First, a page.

This documentary follows 13-year-old Pug and his fascination with the Baltimore dirt bike group the 12 O’Clock Boys (so named for the way a rider can make his bike almost vertical when performing wheelies). Riding dirt bikes in Baltimore is illegal, and riding itself is dangerous. Riders die in accidents; pedestrians die in collisions. The police don’t chase bikes because the consequences of a chase can be deadly.
Pug sees riding as an escape. “They get on that bike, they feel powerful,” he says of the riders he idolizes. “Whatever's going on in their life is all gone. They can escape and ride.”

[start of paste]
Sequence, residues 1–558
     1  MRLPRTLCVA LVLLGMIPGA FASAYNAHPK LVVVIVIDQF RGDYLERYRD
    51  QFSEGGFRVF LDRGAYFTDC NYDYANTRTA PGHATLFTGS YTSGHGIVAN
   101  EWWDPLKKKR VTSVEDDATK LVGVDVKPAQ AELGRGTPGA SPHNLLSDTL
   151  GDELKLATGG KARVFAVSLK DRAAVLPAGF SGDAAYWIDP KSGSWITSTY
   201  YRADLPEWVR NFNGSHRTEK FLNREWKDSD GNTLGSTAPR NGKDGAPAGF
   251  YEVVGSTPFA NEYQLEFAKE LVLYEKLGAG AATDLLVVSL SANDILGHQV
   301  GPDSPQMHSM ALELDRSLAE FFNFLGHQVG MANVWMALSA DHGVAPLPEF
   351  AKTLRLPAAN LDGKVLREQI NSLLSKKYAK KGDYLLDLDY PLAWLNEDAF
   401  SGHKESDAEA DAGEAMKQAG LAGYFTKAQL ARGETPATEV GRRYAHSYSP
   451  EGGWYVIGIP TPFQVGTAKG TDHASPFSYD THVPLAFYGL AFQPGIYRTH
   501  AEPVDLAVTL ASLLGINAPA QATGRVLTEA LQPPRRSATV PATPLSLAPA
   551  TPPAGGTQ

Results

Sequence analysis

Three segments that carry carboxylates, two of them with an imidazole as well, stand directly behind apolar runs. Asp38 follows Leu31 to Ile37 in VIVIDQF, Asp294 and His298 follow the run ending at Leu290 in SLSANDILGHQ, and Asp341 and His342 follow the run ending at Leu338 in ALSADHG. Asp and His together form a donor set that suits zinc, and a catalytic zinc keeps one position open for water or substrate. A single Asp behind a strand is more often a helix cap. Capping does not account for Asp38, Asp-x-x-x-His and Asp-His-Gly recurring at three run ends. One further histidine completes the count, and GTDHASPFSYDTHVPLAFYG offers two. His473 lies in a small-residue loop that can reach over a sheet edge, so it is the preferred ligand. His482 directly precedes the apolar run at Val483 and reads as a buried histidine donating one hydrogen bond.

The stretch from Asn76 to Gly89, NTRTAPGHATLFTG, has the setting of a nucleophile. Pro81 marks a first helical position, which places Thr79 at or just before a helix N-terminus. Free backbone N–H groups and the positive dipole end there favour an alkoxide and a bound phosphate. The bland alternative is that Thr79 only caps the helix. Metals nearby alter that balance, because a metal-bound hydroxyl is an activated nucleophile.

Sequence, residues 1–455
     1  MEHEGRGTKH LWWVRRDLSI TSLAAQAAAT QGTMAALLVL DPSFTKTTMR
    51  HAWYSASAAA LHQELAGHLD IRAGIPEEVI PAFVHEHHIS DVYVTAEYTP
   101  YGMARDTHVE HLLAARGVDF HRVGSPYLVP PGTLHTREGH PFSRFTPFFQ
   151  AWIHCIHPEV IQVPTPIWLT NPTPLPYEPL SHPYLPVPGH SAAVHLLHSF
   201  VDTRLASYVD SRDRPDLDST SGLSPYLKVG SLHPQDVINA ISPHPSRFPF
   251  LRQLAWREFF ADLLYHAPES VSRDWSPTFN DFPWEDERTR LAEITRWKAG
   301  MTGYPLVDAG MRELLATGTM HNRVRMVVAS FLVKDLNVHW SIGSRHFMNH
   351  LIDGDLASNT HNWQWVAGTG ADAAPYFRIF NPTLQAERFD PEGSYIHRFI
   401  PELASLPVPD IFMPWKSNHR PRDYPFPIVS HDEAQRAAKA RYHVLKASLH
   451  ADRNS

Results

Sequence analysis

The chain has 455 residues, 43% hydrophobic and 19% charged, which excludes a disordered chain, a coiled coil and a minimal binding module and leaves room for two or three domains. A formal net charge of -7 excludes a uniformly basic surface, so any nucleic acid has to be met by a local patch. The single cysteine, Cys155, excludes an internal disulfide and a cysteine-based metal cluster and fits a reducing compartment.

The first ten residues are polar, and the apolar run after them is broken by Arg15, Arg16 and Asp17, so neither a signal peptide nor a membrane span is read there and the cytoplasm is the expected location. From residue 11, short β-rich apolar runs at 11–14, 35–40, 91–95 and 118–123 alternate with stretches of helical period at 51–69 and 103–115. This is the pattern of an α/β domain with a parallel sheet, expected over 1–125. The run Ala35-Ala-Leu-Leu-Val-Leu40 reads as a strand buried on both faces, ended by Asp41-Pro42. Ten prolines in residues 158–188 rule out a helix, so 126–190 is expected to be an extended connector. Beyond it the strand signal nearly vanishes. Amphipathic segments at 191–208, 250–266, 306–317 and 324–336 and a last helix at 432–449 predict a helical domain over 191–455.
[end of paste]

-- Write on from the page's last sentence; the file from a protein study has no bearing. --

A veteran 12 O’Clock Boy confirms Pug’s reasoning. “This is what the ghetto produces,” he says. “Hostile environments, anger, stress, depression. To jump on dirt bike and leave all that shit behind?”
Pug’s obsession with riding gets him in a few accidents and more than a few altercations with his mother; she threatens to leave him at family court after she receives a notice that he’s been truant. And when Pug’s first two-wheel bike is stolen, you can see the urgency on his face as he tries to figure out how to get it back. 12 O’Clock Boys is glimpse at a reality most of us don’t experience.